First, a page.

Remnants Captain's X vs. Remnants Vice-Captain's X

June 26, 2007
Fitzwilliam College

Vice-Captain's X (149/8 in 24 6-ball overs)
lost to
Captain's X (153/5 in 22 6-ball overs)
by 5 wickets.

On another dark, grey, damp mid-summer's day Daniel Mortlock's Captain's X took on the undefeated (for 2007) Russell Woolf and his Vice-Captain's X in the traditional Remnants intra-club match. As in 2005 and 2006 it was decided to extend the match to 24 (six-ball) overs a side, which logically should have been a doddle just a couple of days after the solstice, even if the thick black clouds all had us a bit worried about getting 288 deliveries in between 6pm and whenever it got dark (not necessarily sunset).

The Captain's X took to the field first, the new ball being taken by the superbly named Harry Picton-Turbervill, a sixteen-year-old friend of Rob Harvey's who's on the books for Leicestershire and has been speed-gunned bowling in the mid-seventies (despite being ``mainly a batsman''). Still, John Gull (45) and Olly Harris (25) managed to see off both Harry (0/16) and Rupert Brown (0/28), scoring at more than a run a ball throughout their excellent partnership. Indeed, they were on the verge of batting The Captain's X out of the game until Daniel Mortlock (2/27) and Andy Owen (1/16) made critical breakthroughs, after which successive pairs of batsmen had calling meltdowns that resulted not just in run outs, but with the more dangerous batsmen being dismissed every time. The most unfortunate victim was the even more superbly named Carbon Magnus Therrion, an American friend of John Gull's who was playing his first ever game of cricket -- his education in the game was sufficiently rapid to go from how to hold the bat to ``yes, no, sorry'' in the space of a few minutes. Add in some tight bowling by John Moore (1/14, to go with an excellent catch), a couple of sharp catches by Mike Sneyd, and The Vice-Captain's X's was in real trouble. At least until the vice-captain took matters into his own hands, that is: Russell Woolf came in and biffed 19 (off 23 balls) while at the other end Rob Harvey (23 off 21 balls) and Alex Brown (17* off 16 balls, most of which had been delivered by his dad) did even better. Between them they took The Vice-Captain's X to the sort of total (149/8 from 24 overs) that had seemed beyond their reach ever since the openers had been dismissed.

By this stage of the evening the ground was in almost complete darkness (so much so that we skipped the usual inter-innings team photograph) although the astronomers amongst us were justifiably confident that this wasn't an early sunset, but just some (hopefully temporary) cloud cover.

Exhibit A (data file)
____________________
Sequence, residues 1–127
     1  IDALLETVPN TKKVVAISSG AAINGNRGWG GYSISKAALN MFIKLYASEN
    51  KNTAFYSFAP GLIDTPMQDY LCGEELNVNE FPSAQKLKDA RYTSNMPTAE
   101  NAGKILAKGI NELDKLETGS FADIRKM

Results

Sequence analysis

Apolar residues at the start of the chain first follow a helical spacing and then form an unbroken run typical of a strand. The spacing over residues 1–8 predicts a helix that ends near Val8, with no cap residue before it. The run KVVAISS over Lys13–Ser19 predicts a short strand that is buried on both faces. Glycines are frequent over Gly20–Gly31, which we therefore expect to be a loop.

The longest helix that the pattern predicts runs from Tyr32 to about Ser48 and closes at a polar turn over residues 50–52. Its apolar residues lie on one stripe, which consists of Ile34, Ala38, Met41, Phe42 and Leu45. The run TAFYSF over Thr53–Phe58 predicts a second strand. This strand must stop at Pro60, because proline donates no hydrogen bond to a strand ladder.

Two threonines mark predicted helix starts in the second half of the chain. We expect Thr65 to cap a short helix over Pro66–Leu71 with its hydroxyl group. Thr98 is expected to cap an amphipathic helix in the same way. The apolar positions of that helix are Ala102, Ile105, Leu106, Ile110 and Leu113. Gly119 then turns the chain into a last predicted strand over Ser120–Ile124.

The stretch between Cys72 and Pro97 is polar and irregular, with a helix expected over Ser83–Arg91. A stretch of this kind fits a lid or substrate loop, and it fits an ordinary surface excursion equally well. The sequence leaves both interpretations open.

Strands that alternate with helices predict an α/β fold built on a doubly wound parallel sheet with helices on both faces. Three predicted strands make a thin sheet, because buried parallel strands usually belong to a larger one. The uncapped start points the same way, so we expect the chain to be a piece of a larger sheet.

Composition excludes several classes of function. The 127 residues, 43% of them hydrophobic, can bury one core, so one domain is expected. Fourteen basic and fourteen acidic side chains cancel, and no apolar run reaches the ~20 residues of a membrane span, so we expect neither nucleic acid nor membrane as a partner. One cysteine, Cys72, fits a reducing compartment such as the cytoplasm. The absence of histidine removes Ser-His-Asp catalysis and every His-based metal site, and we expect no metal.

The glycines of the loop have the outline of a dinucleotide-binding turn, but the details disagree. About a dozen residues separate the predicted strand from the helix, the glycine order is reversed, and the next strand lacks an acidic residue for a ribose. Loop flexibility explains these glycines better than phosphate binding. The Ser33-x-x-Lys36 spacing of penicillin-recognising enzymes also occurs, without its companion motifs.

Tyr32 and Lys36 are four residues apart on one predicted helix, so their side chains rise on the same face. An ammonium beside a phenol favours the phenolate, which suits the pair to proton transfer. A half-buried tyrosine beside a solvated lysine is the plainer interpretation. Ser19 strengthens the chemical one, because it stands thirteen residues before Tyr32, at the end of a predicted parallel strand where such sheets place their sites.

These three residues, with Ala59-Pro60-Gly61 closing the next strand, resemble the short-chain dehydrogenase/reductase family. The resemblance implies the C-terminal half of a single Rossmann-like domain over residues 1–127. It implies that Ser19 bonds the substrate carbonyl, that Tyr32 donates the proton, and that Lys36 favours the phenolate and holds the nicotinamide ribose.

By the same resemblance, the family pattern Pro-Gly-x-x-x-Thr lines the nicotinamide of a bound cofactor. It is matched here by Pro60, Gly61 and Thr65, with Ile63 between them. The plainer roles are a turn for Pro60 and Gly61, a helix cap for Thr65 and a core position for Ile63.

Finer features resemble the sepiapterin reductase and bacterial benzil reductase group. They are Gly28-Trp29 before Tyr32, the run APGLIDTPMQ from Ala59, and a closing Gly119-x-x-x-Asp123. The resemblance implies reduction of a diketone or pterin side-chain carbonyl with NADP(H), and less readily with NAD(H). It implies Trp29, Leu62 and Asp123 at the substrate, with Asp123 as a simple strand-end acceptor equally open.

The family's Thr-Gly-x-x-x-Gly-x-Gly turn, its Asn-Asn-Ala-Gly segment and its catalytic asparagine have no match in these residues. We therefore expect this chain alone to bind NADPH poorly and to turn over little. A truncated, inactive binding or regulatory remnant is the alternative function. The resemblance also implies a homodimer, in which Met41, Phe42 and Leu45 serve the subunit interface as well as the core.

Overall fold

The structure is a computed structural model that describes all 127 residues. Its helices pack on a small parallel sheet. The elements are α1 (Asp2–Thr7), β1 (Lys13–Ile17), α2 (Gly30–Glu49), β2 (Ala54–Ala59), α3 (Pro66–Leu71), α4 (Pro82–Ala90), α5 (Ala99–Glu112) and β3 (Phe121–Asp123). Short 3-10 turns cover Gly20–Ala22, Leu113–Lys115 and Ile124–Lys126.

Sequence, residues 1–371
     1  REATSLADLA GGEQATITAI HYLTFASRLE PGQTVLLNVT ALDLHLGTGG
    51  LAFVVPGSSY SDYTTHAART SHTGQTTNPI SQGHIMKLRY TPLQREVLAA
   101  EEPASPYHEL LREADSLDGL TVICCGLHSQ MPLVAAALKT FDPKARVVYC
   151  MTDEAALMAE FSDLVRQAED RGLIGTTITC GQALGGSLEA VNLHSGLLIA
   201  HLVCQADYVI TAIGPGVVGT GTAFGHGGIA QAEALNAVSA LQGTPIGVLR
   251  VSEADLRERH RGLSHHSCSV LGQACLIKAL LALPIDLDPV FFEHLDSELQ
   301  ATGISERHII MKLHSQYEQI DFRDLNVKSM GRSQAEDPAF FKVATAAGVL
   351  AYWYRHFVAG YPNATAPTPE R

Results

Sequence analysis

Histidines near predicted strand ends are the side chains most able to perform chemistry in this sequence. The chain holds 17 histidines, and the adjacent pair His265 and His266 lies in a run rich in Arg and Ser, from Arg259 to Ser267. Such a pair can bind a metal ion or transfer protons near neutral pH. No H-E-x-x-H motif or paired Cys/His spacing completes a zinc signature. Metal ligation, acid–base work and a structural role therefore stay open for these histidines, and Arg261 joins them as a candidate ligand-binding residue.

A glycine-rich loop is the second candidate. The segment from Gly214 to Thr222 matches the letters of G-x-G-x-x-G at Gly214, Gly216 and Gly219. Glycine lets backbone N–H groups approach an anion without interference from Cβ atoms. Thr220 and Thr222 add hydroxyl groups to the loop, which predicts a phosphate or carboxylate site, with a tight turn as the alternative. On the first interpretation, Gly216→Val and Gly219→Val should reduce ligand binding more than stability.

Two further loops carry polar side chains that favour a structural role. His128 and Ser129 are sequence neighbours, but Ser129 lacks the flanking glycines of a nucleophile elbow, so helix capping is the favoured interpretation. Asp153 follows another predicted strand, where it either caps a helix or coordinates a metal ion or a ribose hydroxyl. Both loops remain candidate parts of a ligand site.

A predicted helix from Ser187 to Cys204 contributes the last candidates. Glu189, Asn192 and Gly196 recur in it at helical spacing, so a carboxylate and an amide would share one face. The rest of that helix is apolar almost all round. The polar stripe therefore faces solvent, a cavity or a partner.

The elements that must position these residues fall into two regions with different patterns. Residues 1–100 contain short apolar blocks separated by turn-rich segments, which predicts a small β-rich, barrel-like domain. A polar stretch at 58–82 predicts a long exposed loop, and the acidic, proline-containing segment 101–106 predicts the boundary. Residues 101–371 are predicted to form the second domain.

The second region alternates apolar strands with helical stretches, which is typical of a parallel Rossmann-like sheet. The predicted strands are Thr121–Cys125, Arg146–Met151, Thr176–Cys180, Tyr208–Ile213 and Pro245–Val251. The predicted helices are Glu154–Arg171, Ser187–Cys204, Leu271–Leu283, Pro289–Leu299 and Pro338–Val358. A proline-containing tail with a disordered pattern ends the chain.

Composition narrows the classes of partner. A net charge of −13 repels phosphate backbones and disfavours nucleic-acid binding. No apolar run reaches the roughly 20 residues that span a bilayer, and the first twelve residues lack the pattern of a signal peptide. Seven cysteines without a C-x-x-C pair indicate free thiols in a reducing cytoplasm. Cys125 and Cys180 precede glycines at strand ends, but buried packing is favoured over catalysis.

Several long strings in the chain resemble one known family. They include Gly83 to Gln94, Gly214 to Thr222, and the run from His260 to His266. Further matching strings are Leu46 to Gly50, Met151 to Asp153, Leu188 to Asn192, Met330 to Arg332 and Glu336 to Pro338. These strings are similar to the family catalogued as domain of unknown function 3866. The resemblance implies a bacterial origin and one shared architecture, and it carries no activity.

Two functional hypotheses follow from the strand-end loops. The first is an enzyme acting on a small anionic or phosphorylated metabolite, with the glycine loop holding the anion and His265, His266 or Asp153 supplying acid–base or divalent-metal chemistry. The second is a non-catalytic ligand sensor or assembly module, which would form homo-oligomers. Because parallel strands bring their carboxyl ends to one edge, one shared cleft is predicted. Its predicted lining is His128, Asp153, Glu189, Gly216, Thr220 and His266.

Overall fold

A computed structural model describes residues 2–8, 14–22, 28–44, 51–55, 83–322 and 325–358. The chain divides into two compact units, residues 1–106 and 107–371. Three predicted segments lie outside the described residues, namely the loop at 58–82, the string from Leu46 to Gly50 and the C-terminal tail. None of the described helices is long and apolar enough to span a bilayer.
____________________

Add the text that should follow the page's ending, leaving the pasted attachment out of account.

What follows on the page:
And it was at precisely this moment, the darkest of the evening as it turned out, that Joe White unleashed his 70 mph missiles at The Captain's X top-order, taking 2/6 as the batsmen tried to evade a small red projectile they could barely even see. And whilst Joe's run-up and delivery was smooth as silk, all around him was mayhem. Mike Sneyd had called for a runner, leading to a loose herd of batsmen wandering about the infield; Anthony Hyde was off running errands but had somehow been replaced by not one but two substitutes (conservation of mass, perhaps?); John Gull was fielding with an open beer bottle which everyone tried to knock over; and several balls were lost into the nearby backyards. The latter were the result of some superb clean-hitting by Martin Law (47 off 38 balls) who, with Mike Francis (26 off 37 balls) and then Harry P-T (25 off 16 balls), found the change bowlers very much to his liking.

The only blip in the free-scoring came when Russell Woolf brought himself on and produced a brilliant spell of flighted deliveries which yielded criminally harsh figures of 2/26. Every second shot seemed to be a mis-hit, and the fact that several catches went down off his bowling meant his match-winning efforts weren't enough to win the match. In the end The Captain's XI crossed the line with time to spare, master-finisher Andy Owen (26* off 16 balls) and Matt Hughes (1* off 6) completing a superbly paced chase with considerable poise.

After that there was time for quick beer before a few stayers made the all-too-predictable frontal assault on The Tandoori Fortress, whose books were once again balanced by our ample wallets and insatiable appetites.

And it was just as well we took our time over the cricket this evening, as Remnants didn't end up playing another game until July 11, more than a fortnight later. Not that anyone should be too surprised: the seven cancellations (in addition to a couple of non-fixtures) we've had in the last two months is about the average for an entire season -- which has been euphemistically termed ``summer'' this year. When we have played, though, we've done rather well, with nine victories and just three losses (and tonight's internal fixture). The main reason for this success seems to have been our ability to constrict opposition batting line-ups no matter which of our varied attacks is in operation. Six bowlers have gone for less than 5 runs an over, and five are averaging less than 16 runs per wicket, although I think it's clear to everyone that Joe White (with figures of 24 overs, 3 maidens, 9/83) has been the absolute star. The batting hasn't been quite as reliable, with two of our losses being attributable to rather lame away efforts, although the presence of Dave Williams in the eleven has all but guaranteed us a monster score: with 320 runs at an average of 80.00 (and recent scores of 43, 41, 75*, 73* and 83) he's been in the form of his life, and even went within a hundred runs of breaking Clarke Brunt's club record of 331 runs between dismissals. So, in short, if you want to do well for Remnants, make sure your last name starts with W -- imagine how a team of both Waterfalls, Phil Watson, Joe White, Dave Williams and Russell Woolf would do in the six-a-side tournament . . .